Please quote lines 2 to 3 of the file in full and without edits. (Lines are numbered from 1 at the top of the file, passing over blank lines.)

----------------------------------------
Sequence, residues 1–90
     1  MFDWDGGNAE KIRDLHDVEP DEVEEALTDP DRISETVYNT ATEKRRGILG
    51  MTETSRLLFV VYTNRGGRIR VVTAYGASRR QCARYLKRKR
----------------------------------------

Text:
     1  MFDWDGGNAE KIRDLHDVEP DEVEEALTDP DRISETVYNT ATEKRRGILG
    51  MTETSRLLFV VYTNRGGRIR VVTAYGASRR QCARYLKRKR